The day after the Moderna booster was approved by the FDA and the CDC, I rolled up my sleeve to be finished with vaccinations for this year. I wanted to know that I’d done what I could do to protect myself and anyone around me. What happens next? Who knows? In an unprecedented time, you use your best judgement after assessing the data available. No one can predict what may happen, even a few months from now. But at that moment, I was finished. I had no reaction to the vaccine late that afternoon or evening or even the next morning. I was busy going through routine chores. While in the kitchen I noticed some bananas just this side of going rotten and decided I’d turn them into a banana bread. But I was short one banana. I called my son-in-law to see if he could spare one and when he confirmed that he did, I was grateful that my daughter and her family having chosen to live right across the street. I made a quick trip to get their spare, had a brief chat, and returned home. Within minutes I felt my temperature rise, developed a pounding headache and a withering fatigue which slammed me into my recliner. I spent the next twelve miserable hours there. I wasn’t really surprised. I’d had similar reactions to my two previous injections. Although I have no evidence to support my theory, I’m all but certain I had Covid in February, 2020. After a wretched week of a head-throbbing fevered state, painful rib-wracking cough and body aches, I’d noted in my journal that I’d lost my sense of taste and smell. No testing was available at the time I put all the pieces together. So I’ll never know if I had antibodies built up after that infection, perhaps making multiple vaccinations redundant. In the long run, it doesn’t much matter. But oh the places I go when my brain is boiling.
I’ve been without a pet since January when I had to euthanize my elderly rescue dog Violet. Violet wasn’t the dog I was looking for, just a few months after Michael died. She was at a shelter which primarily houses the smaller collie version, the shetland sheep dog, which I thought was a better match for someone in my age group. But there was poor Violet, a former show dog, aged 8 and 1/2, who’d been kicked to the curb after winning as many blue ribbons as she ever would. An animal who’d been debarked, lived most of her life crated and made no eye contact with humans, she was the perfect reclamation project for me, the caregiver with no one in my care at that point. We spent three and a half years together and by then, she’d become as close to a real pet as she was able. You actually can teach an old dog new tricks. Then she was gone. Since I was 17 years old, except for a few months, I’ve always had a dog. So this recent time with no patter of four paws has definitely been a big change for me. I’ve been thinking about what to do about it.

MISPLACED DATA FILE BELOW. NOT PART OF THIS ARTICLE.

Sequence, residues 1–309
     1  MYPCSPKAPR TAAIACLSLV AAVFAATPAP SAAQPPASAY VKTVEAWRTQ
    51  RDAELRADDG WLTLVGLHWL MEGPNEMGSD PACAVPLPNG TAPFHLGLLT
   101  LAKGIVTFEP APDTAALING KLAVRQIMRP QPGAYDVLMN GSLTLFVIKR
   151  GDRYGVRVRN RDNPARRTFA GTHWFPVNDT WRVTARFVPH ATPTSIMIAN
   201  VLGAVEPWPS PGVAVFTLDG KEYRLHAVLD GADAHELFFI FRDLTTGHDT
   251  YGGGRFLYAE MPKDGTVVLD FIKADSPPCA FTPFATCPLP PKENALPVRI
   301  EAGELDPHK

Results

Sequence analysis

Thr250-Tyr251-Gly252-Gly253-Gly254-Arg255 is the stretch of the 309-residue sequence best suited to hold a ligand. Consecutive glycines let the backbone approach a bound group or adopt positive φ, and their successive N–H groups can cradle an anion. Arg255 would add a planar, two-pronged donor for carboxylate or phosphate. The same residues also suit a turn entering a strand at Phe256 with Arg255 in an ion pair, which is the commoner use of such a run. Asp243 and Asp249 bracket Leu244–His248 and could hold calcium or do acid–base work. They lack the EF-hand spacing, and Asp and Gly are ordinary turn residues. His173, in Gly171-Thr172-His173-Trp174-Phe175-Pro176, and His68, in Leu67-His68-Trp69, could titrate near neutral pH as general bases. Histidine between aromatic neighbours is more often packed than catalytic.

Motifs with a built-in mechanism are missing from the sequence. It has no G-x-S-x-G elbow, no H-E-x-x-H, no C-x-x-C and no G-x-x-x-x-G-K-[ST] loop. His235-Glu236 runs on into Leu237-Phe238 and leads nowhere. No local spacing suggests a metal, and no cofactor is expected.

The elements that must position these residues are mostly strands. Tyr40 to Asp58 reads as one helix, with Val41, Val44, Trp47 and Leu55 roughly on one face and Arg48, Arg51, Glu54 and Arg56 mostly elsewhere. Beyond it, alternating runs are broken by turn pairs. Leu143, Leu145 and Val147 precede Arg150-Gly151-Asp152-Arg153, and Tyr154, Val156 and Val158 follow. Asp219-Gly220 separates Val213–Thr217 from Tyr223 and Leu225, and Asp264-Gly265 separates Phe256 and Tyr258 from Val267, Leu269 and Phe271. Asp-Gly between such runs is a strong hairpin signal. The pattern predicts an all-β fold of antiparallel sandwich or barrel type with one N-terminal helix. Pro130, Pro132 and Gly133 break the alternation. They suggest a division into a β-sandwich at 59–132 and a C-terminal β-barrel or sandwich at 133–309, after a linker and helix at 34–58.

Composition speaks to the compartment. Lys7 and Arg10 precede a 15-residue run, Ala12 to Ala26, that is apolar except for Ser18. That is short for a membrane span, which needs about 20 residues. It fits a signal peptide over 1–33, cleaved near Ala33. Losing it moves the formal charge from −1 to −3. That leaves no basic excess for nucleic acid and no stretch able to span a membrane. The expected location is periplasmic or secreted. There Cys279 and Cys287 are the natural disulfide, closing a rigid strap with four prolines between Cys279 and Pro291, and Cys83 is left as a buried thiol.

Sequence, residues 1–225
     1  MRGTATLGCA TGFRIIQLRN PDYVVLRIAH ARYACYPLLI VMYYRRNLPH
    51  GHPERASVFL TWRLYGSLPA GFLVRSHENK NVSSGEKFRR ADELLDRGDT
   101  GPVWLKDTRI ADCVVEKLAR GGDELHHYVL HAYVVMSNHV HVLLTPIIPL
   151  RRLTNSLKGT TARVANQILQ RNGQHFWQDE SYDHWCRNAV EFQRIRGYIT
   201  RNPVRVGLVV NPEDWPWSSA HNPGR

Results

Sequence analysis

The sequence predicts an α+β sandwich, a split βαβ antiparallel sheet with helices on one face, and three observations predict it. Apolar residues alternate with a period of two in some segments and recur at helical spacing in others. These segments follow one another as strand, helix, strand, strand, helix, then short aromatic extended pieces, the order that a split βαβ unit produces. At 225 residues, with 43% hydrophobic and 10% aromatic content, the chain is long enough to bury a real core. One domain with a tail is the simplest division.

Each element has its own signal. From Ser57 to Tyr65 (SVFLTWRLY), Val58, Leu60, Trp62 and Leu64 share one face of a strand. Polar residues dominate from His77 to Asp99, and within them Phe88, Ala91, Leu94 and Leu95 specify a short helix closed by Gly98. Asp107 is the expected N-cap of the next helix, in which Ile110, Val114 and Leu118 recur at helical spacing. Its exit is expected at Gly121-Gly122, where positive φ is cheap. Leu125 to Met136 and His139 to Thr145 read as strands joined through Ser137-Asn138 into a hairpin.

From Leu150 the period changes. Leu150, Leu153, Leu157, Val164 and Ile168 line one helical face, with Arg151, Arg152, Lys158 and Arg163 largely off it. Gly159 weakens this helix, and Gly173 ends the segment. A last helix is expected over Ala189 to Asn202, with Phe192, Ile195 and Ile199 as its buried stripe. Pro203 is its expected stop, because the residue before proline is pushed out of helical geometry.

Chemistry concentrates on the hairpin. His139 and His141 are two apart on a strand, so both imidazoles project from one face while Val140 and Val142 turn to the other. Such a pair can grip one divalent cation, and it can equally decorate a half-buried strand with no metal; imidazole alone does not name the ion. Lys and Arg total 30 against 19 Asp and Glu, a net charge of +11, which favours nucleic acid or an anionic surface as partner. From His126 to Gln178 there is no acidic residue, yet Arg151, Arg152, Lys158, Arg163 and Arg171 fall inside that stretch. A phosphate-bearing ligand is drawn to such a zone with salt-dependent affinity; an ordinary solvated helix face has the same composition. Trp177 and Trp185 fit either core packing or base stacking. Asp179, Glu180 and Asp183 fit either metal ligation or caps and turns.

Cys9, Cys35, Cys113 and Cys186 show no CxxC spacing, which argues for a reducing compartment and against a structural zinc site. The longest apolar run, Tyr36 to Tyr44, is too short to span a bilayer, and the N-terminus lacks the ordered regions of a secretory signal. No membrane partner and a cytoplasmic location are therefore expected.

Look at this adorable dog. Last week, I randomly glanced through the available pups at my local shelter and this face, that of a bright, beautiful border collie was staring at me. You don’t often see them in shelters. The next day I drove over to the facility to be the first person to see him. He was pretty loud which is fairly typical for the breed. I had a border collie for 15 years. She was smart, a herder, a dog who stared into your eyes, trying to anticipate what you wanted, what you needed and what was the next assignment. I adored her.
Ribeye was loyal, loving and busy. I knew what I could expect from this breed. Bandit was three years old. The owners who’d relinquished him to the shelter had purchased him as one year old from someone on Craig’s List. After two years with him, they’d given him up. When I sat with him in a room to see what he was like, I noticed his alertness to all the action he heard going on just the other side of the door.
He responded to his name and to the “sit” command but he wasn’t able to focus. In addition, he was bald from his withers or shoulder area all the way back to his tail. When I inquired about the cause of this hairlessness, I was told that his previous owners said they’d been treating a non-specific skin flare without veterinary intervention. They also said he’d started nipping at them and their grandchildren. The shelter said they’d put him on an antibiotic for his skin and attributed his nipping to his herding instincts. Ribeye never nipped anyone in her life, even when she exhibited herding behavior. I suspected that Bandit had been crated for long hours and perhaps had started chewing at his body out of boredom and lack of exercise. I also thought he’d missed the early training these highly intelligent dogs pick up fast when they’re taught from puppyhood. I went by myself to look at Bandit. My family has been encouraging me to get a pet. I wanted the only voice in my head while weighing this choice to be mine. I filled out the application for adoption and was told I’d be contacted within two days about the shelter’s decision. Then I went home to think.